Caregiver Vacation Planning Guide
When you work as a caregiver, a vacation seems like an impossible goal. However, you can provide yourself a caregiver vacation by redefining travel, committing to treating yourself, finding wonderful destinations close to home and asking for support to take longer trips.
Some combination of these ideas can give you the opportunity for a caregiver vacation, or at least small breaks that can add up over time. Each day is an opportunity to both care for your loved one and see to your own wellbeing. Take a break from caregiving by putting some of these ideas to work.
Getting The Support You Need
Let’s start with taking a typical vacation, which usually involves traveling away from home for a week or so. Many caregivers never dream of doing this. However, it’s possible if you get the support you need while traveling a long distance.
One option is to ask a sibling or other close relative to stay with your loved one while you are on vacation. This can be tough for some caregivers, who are hesitant to ask for help. However, this ranks as the best solution because it allows your loved one to stay in their home in familiar surroundings. However, other options exist outside family for those who want to take a break from caregiving. For example, you could hire a home health aide to work in your home during your vacation or find an assisted living facility that will take in your loved one while you are away.
If a longer vacation is currently out of reach, you may want to consider redefining your idea of a caregiver vacation. Decades of marketing for vacation destinations make us feel cheated if we don’t take big trips, but in truth a caregiver vacation can happen in many ways. For example, a vacation might mean just one day (or even half a day) free of having caregiver duties. And travel can involve visiting a place just a short drive from your home. or even half a day. How we define things can change how we perceive our lives.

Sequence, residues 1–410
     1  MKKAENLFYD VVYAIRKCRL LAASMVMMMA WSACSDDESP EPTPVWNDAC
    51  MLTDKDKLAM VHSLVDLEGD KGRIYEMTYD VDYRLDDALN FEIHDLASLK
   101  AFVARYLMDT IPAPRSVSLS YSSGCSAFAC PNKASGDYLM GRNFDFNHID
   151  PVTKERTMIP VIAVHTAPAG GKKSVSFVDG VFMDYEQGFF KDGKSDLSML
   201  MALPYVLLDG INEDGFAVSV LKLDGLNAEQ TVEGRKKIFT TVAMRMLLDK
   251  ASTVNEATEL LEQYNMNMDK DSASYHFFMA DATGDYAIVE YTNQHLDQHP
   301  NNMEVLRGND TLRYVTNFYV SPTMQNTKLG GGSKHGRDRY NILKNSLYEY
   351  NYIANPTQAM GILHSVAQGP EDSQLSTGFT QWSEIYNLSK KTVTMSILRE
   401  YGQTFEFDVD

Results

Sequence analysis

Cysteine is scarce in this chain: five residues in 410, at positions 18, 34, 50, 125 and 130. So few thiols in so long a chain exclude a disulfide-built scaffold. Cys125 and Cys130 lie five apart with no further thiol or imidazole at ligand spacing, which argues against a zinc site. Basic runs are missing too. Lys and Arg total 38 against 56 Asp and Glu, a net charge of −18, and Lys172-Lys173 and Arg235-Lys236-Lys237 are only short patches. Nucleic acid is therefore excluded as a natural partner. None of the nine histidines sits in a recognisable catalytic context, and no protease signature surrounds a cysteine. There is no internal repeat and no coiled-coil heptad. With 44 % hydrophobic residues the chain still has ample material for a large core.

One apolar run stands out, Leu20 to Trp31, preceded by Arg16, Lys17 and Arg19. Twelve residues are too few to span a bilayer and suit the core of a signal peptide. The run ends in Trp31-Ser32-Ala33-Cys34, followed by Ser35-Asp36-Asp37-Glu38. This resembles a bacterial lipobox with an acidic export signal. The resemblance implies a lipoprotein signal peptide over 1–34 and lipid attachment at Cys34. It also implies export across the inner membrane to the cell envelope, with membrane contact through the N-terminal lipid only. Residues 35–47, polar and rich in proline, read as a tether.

Caregivers typically find this much easier to say than do. Others may tell you to “take care of yourself,” but too few make time to do that. But each day offers a chance to do something for yourself that will uplift your spirits and renew your energy. The many services and options for caregiver respite at Hope Grows offer examples of what caregivers can do to improve their lives. They also can take care of themselves by taking time every day to do something they love, such as a hobby, reading, or taking walks in nature.
Find Destinations Close To Home
Most areas have interesting places to visit that are less than a few hours away. One strategy is to see what is within a 30-minute drive of your house, and then make arrangements to visit for a couple of hours. Even taking a quick detour while running your errands can give you a break from the daily routine, such as going by a city park or taking a short drive through a scenic area. Making time for a mini caregiver vacation goes hand-in-hand with taking care of yourself. Those who provide care to a loved one take on a difficult job. Most do a great job planning out every detail of their loved ones’ care. But they often forget to include care for themselves. Planning to take a caregiver vacation, however you define it,can go a long way toward changing that situation.